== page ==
US President George W. Bush signed a deal setting the foundation for a potential long-term US troop presence in Iraq, with details to be negotiated over matters that have defined the war debate at home -- how many US forces will stay in the country, and for how long.
The agreement signed on Monday between Bush and Iraqi Prime Minister Nouri al-Maliki confirms that the US and Iraq will hash out an "enduring" relationship in military, economic and political terms.
Details of that relationship will be negotiated next year, with a completion goal of July, when the US intends to finish withdrawing the five combat brigades sent this year as part of the troop buildup that has helped curb sectarian violence.
"What US troops are doing, how many troops are required to do that, are bases required, which partners will join them -- all these things are on the negotiating table," said Lieutenant General Douglas Lute, Bush's adviser on the wars in Iraq and Afghanistan.
The proposal underlines how the US and Iraq are exploring what their relationship might look like once the US significantly draws down its troop presence. It comes as a Democratic Congress -- unsuccessfully, so far -- prods Bush to withdraw troops faster than he wants.
Bush and al-Maliki signed the new US-Iraq "declaration of principles" during a secure video conference on Monday morning.
Al-Maliki, in a televised address, said his government would ask the UN to renew the mandate for the multinational force for one final time with its authorization to end next year.
The US-Iraq agreement will replace the present UN mandate regulating the presence of the US-led forces in Iraq. Al-Maliki said the agreement provides for US support for the "democratic regime in Iraq against domestic and external dangers."
It also would help the Iraqi government thwart any attempt to suspend or repeal a constitution drafted with US help and adopted in a nationwide vote in 2005. That appeared to be a reference to any attempt to remove the government by violence or in a coup.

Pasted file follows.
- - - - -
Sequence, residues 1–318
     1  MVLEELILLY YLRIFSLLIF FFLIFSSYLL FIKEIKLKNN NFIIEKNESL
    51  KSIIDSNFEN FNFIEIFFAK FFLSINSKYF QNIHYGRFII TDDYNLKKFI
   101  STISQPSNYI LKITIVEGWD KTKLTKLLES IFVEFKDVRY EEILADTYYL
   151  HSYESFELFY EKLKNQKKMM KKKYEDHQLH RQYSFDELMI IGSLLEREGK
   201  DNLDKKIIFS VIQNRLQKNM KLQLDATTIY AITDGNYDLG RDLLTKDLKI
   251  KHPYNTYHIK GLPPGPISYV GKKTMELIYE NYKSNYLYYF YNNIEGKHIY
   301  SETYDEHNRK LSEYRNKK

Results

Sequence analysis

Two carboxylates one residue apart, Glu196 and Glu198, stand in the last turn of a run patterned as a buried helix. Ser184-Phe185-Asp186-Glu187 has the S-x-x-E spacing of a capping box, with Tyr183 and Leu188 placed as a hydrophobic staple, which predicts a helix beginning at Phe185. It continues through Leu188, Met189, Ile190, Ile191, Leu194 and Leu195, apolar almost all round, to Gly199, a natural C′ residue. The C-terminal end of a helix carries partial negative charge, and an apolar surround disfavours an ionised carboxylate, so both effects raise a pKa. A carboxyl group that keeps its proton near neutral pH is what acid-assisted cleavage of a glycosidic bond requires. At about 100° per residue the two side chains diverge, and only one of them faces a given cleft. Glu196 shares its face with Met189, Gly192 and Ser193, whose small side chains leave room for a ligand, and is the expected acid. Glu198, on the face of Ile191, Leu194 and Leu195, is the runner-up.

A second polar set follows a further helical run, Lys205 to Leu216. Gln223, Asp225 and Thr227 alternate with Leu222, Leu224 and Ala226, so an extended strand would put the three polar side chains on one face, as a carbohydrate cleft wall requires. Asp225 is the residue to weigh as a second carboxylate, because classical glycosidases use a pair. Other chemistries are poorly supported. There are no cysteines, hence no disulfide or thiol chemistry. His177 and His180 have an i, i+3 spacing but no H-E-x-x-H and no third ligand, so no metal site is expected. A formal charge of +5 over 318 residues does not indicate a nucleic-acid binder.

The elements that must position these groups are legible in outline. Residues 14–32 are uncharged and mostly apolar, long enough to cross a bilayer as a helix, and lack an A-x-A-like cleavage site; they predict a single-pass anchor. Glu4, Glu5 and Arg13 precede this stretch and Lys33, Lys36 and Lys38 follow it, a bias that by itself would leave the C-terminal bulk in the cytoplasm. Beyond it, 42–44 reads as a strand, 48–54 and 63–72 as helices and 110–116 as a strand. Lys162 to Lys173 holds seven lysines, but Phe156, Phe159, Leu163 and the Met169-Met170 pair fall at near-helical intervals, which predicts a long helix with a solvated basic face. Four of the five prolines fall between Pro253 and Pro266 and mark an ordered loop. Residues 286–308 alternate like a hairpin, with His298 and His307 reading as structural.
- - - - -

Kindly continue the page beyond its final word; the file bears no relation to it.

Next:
Al-Maliki said the renewal of the multinational forces' mandate was conditional on the repeal of what he called restrictions on Iraqi sovereignty introduced in 1990 by the UN Security Council to punish Iraq for invading neighboring Kuwait.
The new agreement would not signal an end to the US mission in Iraq. But it could change the rules under which US soldiers operate and give the Iraqis full responsibity for internal security.
Meanwhile, in Baghdad, US troops at a roadblock in the capital city fired on a minibus carrying bank employees to work yesterday, killing as many as four passengers, Iraqi officials said. The US military said it was aware of the report.
The shooting took place in northern Baghdad's Shaab neighborhood, known as a Shiite militia stronghold, as the driver was collecting employees to go to work at Rasheed bank, police said.
US troops fired when the bus reached the US roadblock and tried to drive through, killing four passengers -- including three women, police and hospital officials said.
Abdul-Karim Khalaf, the Iraqi Interior Ministry spokesman, said a Finance Ministry bus came under fire, and one woman was killed and five passengers injured.
"We do not know what happened and we asked the multinational forces to investigate the event," Khalaf said.